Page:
Should he become an ER doctor?
Q: I've spent a lot of time perusing your ER sites and found a great deal of the information vastly useful and helpful in my pursuits. However, I am still left with one lingering question, the question that has been plaguing me for quite some time. Whatever career I pick, I want it to be one where I have an impact on people. Despite the fact that mathematics is where I'm truly gifted, I have considered other careers in light of the fact that while I love and believe in the power of math, at the end of the day, I feel as if I could be contributing something more to my fellow man.
Emergency medicine is of a particular interest to me because of the high pressure and high demand environment, something which I tend to thrive on (although I certainly understand that nothing I have experienced can prepare me for the amount of pressure and demand in a typical ER). I've taken a few biology classes and done fine, and really only need to take a little more biology and organic chemistry in preparation for the medical school, so my problem lies in the fact that I am entering my senior year of undergraduate work and it's time to make a decision.
My question is, for someone who finds the technical aspect of medicine interesting, but not necessarily fascinating (math is my first love), but is rather motivated by a pervasive moral obligation to help his fellow man as much as possible, would this motivation be sufficient to have a successful career in emergency medicine? Thank you for any help; this decision is weighing heavily on me and any professional input would be greatly appreciated.
Answer by Kevin Pezzi, MD: Some of your statements made me think that a math career would be best for you, while others suggested that emergency medicine is the way to go. I'll analyze these one by one:
> Whatever career I pick, I want it to be one where I have an impact on people.
You would have a greater, more immediate, and longer-lasting impact on the lives of more people by choosing an ER career. As you know, math is one of the fundamental tools that helps scientists in diverse fields obtain a better understanding of our world and hence improve our lives, but the impact made by a single mathematician is generally insignificant in terms of deciding who lives and who dies. As an ER doctor, in contrast, you will influence the lives of countless people during your career and indefinitely into the future. This latter aspect is one that I've never seen discussed, yet it is obviously true. Let's say that you become a superb ER doc and an ambulance brings an asthmatic teenage girl to your ER. She has not responded to any of the interventions administered by the paramedics (intubation, assisted ventilation, oxygen, and various medications) during their long drive to the hospital. She remains comatose and diffusely purple-gray in color. Basically, she looks dead. Really dead. An ER practitioner with lesser ability might not save her life, but you do. Thus, you've not only saved her life, but also the lives of her children, grandchildren, great-grandchildren, great-great-grandchildren, ad infinitum. Therefore, what you do during a few minutes in the ER will indelibly affect the world forever. During your career, you might treat over 300,000 patients, so you will have a marked impact on the world and its future.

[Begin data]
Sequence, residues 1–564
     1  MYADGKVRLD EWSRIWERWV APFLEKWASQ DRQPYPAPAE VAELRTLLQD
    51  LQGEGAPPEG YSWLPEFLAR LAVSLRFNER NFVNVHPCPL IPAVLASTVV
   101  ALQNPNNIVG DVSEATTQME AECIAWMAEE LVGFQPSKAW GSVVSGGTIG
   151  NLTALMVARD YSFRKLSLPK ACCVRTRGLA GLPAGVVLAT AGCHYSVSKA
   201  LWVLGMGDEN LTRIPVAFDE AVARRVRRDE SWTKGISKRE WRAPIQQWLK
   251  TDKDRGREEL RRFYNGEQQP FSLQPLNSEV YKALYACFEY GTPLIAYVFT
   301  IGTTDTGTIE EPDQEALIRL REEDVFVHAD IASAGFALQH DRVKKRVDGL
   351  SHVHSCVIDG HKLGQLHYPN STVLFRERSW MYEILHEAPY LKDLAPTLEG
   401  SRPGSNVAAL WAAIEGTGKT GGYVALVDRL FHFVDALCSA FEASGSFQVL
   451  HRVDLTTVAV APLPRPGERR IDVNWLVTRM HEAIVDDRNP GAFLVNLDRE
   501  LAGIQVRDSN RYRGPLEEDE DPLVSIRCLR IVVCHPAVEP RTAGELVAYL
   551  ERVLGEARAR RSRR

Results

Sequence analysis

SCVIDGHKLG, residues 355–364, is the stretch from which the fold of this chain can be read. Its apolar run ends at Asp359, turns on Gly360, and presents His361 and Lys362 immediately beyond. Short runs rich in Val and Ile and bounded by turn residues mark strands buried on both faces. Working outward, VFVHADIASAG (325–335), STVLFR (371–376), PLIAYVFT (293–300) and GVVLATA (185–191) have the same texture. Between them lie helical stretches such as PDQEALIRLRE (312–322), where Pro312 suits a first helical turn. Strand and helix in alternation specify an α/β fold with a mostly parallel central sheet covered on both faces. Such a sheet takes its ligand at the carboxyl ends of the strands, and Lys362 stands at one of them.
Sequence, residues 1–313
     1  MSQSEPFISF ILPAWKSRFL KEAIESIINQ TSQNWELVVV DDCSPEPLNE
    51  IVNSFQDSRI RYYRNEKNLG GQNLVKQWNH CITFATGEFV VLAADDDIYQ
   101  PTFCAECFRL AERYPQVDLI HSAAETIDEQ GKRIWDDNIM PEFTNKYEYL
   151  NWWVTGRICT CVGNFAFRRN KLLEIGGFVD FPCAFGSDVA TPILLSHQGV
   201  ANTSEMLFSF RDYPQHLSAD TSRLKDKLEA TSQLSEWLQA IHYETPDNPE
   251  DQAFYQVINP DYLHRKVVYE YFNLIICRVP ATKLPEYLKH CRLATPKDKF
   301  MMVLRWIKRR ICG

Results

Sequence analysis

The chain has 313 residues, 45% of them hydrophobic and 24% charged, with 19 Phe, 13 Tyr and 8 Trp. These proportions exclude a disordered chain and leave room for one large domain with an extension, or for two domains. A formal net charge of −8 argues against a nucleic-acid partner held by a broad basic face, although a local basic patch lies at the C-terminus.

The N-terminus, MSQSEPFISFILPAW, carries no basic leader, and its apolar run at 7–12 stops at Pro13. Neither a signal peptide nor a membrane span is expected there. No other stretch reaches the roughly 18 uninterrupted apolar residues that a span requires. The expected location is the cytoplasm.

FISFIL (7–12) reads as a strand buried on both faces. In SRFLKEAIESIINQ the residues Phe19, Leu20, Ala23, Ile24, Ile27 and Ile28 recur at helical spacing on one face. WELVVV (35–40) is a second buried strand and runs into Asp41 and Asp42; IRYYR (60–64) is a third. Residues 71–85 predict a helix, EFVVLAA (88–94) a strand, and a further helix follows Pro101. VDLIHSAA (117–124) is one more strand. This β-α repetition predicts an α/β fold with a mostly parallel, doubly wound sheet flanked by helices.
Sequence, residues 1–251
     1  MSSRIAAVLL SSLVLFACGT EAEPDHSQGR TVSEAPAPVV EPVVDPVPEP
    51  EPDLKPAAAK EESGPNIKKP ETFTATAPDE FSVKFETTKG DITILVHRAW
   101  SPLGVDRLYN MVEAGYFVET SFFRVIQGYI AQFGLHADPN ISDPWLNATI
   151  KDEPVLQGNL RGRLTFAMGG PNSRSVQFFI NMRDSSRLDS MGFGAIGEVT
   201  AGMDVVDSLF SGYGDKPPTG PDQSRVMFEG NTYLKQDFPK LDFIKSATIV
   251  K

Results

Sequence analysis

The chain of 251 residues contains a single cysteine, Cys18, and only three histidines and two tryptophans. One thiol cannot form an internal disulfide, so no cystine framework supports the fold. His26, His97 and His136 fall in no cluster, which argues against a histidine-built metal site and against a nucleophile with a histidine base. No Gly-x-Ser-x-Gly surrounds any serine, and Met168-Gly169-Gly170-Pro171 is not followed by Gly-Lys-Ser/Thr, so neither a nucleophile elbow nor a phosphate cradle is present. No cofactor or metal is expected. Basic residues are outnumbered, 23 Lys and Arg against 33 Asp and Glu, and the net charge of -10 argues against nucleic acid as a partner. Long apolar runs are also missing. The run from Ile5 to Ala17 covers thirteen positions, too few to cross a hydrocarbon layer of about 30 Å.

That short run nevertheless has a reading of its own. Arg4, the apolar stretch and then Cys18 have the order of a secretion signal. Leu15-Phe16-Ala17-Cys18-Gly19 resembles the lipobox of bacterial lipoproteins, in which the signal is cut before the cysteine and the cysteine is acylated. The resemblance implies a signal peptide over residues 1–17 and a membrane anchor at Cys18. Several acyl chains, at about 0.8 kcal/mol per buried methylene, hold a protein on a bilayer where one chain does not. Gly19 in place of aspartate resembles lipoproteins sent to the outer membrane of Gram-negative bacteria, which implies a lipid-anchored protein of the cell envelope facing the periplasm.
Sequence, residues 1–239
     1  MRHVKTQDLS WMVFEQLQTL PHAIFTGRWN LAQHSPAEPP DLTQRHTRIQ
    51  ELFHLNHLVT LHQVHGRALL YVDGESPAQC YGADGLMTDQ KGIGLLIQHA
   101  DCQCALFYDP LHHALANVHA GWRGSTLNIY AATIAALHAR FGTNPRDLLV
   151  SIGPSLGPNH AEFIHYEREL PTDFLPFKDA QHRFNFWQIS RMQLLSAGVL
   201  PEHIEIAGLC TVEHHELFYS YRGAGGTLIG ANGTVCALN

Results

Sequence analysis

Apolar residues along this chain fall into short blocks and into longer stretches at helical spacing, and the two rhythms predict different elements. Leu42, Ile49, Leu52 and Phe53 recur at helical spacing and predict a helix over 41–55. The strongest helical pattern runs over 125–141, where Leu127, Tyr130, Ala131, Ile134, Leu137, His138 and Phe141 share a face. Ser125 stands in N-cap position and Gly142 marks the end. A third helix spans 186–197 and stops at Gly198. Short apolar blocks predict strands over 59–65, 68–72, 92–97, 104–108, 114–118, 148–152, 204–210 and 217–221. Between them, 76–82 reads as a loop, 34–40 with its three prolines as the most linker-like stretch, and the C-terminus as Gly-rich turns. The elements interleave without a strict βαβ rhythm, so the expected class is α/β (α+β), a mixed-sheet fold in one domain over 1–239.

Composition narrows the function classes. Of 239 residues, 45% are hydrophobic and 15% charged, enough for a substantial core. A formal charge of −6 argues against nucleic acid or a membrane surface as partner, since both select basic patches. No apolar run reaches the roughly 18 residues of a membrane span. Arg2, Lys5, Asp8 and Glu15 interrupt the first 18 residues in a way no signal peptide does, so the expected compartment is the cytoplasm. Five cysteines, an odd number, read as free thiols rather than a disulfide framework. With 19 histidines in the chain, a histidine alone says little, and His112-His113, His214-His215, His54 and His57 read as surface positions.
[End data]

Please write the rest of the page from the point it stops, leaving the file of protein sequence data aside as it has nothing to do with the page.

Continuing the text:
> Despite the fact that mathematics is where I'm truly gifted, I have considered other careers in light of the fact that while I love and believe in the power of math, at the end of the day, I feel as if I could be contributing something more to my fellow man.
For the reasons I just discussed, the last part of your statement again suggests that a career in emergency medicine is your best choice. On the other hand, I think that people should choose a career based on their aptitude for it and how much they enjoy it. Hence, this might weigh in favor of a math career. On the other hand, you might turn out to be equally (or more) gifted in emergency medicine.